Biological alarm clock activates at 6am today, which is worse than the 4am previously, because there is less chance of getting any meaningful sleep. So I Googled the London
Election results, to find that The Joker has taken over Smoketown, and that New Labour has been giving a well-deserved drubbing. Wait for the obligatory Bloody Nose speech from Gordon. Sian got 3.8%, not bad in a squeeze situation, and Darren and Jenny are still on the Assembly.
So. See how Boris performs now he has a real job.
On a brighter side, it turns out that Elisabeth May, the Canadian leader, was on Canadian TV with the Congress web-link in the background. Well done everyone who set up the web link, including the Green Party back home who called for it.
Saturday is on biodiversity. Listening pleasure is variable. Some have well-prepared speeches with slides of nature in all her beauty in the process of being wasted.
Others shout into the microphone, which creates static over the interpreter headphones, causing me to switch off. Which just proves that if you shout at people it causes them to not listen. Also shouting into a microphone is like buying an expensive bike then running along pushing it.
An Indian speaks movingly of the Forest and its importance. His ancestors said that if it was destroyed the Earth also would fall sick. He speaks of immediate physical danger that he faces from political commercial and criminal enemies.
Mongolia has the world’s third largest deposits of gold. Everyone gets richer from gold except the people who own the land and work to extract it. They just get sick. Oh dear.
I was interested in Haider from Senegal because Senegal is one of the places that we could start the re-afforestation of the Saharan coast. He spoke with passion, a typical hand-on Green. He poke of the overfishing off the coast of his country in West Africa; the solution lies in democracy, so we must reach the heart of the people, and change from acting like a predator to acting like a thinking being that wishes to survive. I met him afterwards. He can plant a mangrove for less than a price of a cup of coffee,and has planted many thousands of them personally. His knee-high children help him. I feel my interest in coastal forests nurtured by solar desalination reawakening.
18% of greenhouse gas emissions arise from deforestation – “wreck locally, smash globally”. This advertising slogan is available free for any logging company that wishes to use it. Forest burning accounts for 7% of Brazil’s greenhouse gas emissions. Fires are now occurring in the rainy season. The speaker felt that the solution lay in ew governance models. The Amazon bioregion involves nine countries, so ecology demands a new step in international diplomacy.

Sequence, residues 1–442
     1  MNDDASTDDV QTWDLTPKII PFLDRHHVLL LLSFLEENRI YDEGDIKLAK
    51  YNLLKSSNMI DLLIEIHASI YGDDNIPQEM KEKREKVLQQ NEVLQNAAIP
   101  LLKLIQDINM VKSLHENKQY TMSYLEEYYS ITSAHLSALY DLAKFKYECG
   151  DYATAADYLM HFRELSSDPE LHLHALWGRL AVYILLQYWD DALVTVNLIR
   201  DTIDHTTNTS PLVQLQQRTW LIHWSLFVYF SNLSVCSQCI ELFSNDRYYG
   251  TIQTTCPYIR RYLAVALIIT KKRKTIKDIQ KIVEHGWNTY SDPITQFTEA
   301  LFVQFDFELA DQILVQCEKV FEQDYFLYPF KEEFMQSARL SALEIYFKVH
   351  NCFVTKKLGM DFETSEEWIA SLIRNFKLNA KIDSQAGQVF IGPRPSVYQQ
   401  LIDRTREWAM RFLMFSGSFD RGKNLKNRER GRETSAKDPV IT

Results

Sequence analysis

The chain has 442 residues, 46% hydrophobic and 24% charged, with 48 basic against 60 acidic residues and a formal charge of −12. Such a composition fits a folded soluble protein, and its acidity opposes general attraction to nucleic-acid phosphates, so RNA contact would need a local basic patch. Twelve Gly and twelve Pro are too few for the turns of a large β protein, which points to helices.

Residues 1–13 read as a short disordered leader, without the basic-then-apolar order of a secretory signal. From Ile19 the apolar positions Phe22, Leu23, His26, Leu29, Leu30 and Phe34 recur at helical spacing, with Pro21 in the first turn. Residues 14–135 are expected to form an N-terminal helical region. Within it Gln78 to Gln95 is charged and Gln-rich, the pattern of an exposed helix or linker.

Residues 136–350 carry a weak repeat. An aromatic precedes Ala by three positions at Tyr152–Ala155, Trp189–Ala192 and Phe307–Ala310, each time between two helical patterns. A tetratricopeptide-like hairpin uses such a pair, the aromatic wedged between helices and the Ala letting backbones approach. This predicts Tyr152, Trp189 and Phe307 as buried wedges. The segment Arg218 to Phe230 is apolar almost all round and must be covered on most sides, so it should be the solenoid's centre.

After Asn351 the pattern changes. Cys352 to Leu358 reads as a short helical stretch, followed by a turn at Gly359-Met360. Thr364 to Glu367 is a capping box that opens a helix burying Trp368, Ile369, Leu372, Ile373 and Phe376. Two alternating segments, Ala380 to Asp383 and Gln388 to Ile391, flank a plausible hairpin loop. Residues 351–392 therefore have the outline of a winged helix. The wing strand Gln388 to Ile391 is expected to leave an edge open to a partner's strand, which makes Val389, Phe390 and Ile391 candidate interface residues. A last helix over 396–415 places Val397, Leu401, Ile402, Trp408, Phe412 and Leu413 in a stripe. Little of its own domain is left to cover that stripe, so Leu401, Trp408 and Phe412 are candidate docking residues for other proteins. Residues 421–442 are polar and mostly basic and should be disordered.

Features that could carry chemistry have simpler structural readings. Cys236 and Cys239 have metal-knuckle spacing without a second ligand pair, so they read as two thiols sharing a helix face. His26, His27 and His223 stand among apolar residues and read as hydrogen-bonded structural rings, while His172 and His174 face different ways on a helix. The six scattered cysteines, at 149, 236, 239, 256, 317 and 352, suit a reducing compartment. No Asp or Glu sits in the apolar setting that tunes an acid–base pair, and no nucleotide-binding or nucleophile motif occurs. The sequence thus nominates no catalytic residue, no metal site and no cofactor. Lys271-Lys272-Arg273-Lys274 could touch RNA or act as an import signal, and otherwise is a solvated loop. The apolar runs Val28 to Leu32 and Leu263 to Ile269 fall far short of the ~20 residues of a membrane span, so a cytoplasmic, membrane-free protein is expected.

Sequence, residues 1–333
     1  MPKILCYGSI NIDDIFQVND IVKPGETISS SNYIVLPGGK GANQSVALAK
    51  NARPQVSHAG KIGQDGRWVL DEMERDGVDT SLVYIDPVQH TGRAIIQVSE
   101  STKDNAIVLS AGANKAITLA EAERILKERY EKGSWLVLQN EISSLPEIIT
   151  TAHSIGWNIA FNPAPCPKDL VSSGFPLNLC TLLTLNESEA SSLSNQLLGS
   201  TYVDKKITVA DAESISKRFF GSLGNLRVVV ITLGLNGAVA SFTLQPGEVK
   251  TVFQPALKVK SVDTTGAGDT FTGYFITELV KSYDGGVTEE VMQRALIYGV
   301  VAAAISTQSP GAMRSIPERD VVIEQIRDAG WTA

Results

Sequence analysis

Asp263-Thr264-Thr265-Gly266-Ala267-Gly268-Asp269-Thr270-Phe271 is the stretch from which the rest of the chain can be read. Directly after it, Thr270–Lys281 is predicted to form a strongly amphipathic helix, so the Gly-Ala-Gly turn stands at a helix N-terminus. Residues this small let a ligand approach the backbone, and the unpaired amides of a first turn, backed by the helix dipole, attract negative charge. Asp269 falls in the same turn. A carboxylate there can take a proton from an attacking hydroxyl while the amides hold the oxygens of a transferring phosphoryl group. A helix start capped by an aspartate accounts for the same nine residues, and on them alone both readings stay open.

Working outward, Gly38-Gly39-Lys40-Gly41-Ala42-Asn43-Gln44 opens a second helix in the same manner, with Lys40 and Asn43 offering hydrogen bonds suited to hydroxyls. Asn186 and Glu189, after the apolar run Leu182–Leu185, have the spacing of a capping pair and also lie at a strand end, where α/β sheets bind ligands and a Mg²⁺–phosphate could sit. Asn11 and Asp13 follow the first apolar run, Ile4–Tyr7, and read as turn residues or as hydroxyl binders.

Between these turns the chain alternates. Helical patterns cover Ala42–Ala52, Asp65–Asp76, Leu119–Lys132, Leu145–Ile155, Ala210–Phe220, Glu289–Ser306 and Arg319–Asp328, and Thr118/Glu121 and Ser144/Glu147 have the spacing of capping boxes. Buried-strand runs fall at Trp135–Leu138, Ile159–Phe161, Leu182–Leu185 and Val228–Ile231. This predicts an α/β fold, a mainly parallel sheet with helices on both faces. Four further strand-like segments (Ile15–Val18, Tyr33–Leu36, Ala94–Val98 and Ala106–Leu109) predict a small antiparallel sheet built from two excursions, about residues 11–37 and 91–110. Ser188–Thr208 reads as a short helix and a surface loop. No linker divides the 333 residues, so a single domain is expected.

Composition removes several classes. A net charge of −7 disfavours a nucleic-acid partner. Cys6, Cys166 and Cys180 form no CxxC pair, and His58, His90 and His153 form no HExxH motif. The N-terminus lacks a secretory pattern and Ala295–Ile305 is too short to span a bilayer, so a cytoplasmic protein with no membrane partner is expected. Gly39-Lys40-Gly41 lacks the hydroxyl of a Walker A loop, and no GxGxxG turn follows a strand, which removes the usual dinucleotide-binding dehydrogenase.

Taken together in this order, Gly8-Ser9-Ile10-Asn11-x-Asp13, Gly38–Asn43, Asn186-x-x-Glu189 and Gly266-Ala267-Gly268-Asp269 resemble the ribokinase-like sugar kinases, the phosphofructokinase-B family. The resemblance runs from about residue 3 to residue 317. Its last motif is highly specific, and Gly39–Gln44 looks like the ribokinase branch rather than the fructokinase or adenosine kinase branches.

Alain Liepetz, a French MEP, spoke of the madness of inequality and profit motive, but he was shouting, so I could not hear him.
The session on biodiversity was eye opening. We all “know” that ill-conceived human economic activity is wrecking the planet, but to actually look, for hours on end, at the evidence, is a different matter altogether. The problem in the Congress is that despite the specifications in the conference brochure, speakers were long on problems and short on political solutions.
On our way out to go to the workshops, we were held back by the Security. There was a demonstration outside, staged by Brazilian Greens, maybe about 20. A Pakistani observer showed me a film he had taken, with one of the demonstrators on the ground. My present understanding is that it was against the President of a section of the Green Party in South Brazil. He had bought his way in to the position, and was pushing away from a truly position. There was no official statement on the position, but clearly there is again cause for concern with certain instances of the leadership…
My overriding concern at that point was to get to a workshop on the declaration on 21 points, to nurture the Index amendment. With half of us arriving late (more getting lost, not my fault) the process was very rapid, but nevertheless (when you understood how it worked) highly efficient. To my immense relief, the proposal for an Index of Human Rights in the UN was recommended for acceptance. Six months of subliminal anxiety
fell away from me.
After lunch, the future of the Global Greens was discussed. It became clear that the cautious position claimed by the Europeans on the first day was going to have to yield to more ambitious position coming from the rest of the world. Per Garton mentioned that people feel that the Europeans do not support the Global Greens enough.Douglas Arege, a young green from Kenya was an excellent speaker.
I have to go now. It was a great day, with a great feeling of positivity – apart from the fracas over the South Brazil affair – and I wrote a poem in the evening. But just before I went to bed I realised with a shock that I had not been following developments on global warming targets. Basically, the UK Greens have a far more developed policy. I may not be able to vote for the paper. Worry struck again. Luckily I was able to switch off and go to sleep, but it was the first thought to hit when I woke early at 6.30 to write this. Breakfast calls, and then a tense period of last minute negotiations.
(Sorry if any typos, no time to proof-read)